With the government on the verge of collapse and a possible U.S. troop reduction, especially after the 2008 elections, al-Sadr seeks the restructuring of his Mahdi Army into a new force loyal only to him. He does so with hopes to carry on the legacy of his father for the establishment of a democratic Mahdistic society that will pave the path for the return of the Twelfth Imam, who is believed to return at the end of time to bring justice back to the world.
There are a number of policy implications to this strategy. In a highly anticipated interview with Iraqi television station al-Iraqiyah on June 7, al-Sadr stated the following: “I advise all sides, particularly the Iraqi segments and the political sides, to have a positive outlook at this [Sadrist movement], and to view them as being faithful, sincere and nationalist persons who cannot be bought by money or anything else. Saving them, bringing them closer together and using them in the service of Iraq are better than excluding and marginalizing them” (al-Iraqiyah, June 7). Al-Sadr was addressing an important issue. Marginalizing the Sadrists, especially at this stage in the political process, could be a drastic mistake. Al-Sadr’s 2003 youth movement, which was originally built around the legacy of al-Sadr’s father, has presently become a major political-military force with aspirations for regional influence—much like Hezbollah in Lebanon. Although al-Sadr’s ambitions present Washington with a complicated situation in Iraq, perhaps the best strategy for the United States to follow is al-Sadr’s suggestions regarding the Iraqi government: to find ways for his movement to become fully integrated into the Iraqi political system and to become part of a consolidated, centralized government in Baghdad, as well as a strong military force that would provide services and security to its citizens.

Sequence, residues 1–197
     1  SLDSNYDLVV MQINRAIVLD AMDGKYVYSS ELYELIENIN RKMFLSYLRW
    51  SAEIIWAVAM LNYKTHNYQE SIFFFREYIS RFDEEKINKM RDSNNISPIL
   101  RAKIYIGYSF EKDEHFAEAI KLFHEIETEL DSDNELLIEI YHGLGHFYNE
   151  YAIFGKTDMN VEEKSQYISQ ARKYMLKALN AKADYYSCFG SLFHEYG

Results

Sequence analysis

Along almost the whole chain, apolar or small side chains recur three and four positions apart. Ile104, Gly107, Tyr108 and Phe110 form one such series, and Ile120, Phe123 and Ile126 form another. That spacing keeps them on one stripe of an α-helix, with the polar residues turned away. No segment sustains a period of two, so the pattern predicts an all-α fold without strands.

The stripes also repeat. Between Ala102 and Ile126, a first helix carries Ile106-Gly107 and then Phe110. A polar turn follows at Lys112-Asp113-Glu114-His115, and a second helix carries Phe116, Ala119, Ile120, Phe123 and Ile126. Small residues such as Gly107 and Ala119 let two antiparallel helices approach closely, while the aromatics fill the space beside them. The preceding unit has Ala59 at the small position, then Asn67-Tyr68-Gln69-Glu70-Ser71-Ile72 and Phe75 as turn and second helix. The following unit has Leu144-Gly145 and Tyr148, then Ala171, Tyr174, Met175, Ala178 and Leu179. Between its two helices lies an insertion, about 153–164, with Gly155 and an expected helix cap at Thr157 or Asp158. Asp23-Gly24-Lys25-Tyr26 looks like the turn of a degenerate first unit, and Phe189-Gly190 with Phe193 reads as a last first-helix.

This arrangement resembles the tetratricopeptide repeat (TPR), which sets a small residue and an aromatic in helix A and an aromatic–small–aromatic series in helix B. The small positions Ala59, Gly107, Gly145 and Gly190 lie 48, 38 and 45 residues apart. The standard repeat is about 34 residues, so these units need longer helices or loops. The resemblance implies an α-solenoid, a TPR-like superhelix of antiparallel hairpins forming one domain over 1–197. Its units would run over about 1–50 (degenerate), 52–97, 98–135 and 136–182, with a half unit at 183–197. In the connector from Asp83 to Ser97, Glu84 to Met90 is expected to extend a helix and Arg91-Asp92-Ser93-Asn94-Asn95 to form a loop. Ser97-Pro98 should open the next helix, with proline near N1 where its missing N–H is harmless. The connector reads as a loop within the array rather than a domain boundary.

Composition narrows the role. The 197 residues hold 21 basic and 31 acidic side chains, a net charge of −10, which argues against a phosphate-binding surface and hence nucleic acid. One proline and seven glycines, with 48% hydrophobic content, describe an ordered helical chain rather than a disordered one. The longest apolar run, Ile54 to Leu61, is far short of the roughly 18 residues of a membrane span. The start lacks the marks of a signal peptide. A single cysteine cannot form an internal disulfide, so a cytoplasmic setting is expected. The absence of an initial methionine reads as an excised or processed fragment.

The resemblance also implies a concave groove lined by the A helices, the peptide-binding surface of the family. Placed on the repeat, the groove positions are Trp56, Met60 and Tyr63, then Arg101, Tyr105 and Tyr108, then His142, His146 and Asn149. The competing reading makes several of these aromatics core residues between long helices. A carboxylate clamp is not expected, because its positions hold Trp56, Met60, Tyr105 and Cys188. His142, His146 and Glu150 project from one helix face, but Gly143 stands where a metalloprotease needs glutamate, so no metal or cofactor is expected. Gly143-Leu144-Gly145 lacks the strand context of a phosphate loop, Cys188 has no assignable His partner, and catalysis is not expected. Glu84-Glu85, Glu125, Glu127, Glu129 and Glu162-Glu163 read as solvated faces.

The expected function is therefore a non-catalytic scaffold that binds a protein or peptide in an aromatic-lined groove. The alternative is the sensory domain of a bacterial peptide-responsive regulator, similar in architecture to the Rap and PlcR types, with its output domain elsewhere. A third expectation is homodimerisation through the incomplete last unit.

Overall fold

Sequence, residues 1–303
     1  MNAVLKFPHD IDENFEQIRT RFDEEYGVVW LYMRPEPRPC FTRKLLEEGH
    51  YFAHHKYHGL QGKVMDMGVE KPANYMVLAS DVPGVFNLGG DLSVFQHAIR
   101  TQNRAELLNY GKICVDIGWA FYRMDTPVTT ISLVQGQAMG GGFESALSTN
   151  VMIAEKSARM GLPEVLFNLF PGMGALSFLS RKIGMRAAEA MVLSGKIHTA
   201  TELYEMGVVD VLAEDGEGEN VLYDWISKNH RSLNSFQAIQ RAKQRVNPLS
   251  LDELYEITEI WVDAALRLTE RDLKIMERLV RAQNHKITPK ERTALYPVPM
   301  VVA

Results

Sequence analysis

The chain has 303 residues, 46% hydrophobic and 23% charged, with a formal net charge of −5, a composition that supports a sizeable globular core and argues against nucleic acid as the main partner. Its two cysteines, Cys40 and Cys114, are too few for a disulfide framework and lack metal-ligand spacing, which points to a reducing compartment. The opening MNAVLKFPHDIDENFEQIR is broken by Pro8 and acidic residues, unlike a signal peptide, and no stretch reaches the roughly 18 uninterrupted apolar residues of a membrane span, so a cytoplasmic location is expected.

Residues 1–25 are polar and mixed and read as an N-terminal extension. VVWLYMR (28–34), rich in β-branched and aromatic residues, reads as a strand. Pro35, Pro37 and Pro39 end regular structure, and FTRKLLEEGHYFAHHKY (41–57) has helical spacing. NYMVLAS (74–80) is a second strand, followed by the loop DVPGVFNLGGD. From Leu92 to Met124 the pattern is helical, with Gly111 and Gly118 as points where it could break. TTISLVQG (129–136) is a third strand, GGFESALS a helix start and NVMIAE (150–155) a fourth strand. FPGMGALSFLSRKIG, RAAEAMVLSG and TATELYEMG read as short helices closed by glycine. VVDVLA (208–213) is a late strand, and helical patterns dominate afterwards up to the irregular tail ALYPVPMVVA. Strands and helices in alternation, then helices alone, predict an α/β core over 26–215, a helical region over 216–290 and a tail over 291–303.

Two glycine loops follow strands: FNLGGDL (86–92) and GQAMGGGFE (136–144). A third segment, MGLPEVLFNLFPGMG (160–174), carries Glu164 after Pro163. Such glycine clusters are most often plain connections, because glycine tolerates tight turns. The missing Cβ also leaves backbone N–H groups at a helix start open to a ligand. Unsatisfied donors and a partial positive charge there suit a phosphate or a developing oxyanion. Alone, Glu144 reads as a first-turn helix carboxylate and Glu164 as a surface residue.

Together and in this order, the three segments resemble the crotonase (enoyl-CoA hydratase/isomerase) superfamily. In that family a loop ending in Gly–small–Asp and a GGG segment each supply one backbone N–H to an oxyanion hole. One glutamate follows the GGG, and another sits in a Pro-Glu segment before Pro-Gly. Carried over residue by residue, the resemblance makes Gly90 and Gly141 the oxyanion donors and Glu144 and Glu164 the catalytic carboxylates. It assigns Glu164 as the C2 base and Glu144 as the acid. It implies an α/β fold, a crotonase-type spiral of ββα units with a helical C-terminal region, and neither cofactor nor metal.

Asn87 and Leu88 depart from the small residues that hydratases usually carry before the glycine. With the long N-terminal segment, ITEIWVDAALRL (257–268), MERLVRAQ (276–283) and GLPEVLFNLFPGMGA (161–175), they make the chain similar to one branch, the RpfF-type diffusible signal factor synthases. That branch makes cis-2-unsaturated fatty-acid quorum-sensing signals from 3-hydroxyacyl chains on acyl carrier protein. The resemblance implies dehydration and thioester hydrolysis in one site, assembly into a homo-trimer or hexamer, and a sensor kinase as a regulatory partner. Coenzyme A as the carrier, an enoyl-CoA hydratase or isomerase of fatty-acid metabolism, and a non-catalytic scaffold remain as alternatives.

Nevertheless, Washington should carefully consider the ultimate consequence of the consolidation of the Sadrist movement in the Iraqi government: an increase in demand for U.S. troops to leave Iraq. Al-Sadr represents not merely a military challenge to the U.S. presence in Iraq, but a major political one as well. Such a political challenge will most likely remain a face of Iraq for years to come.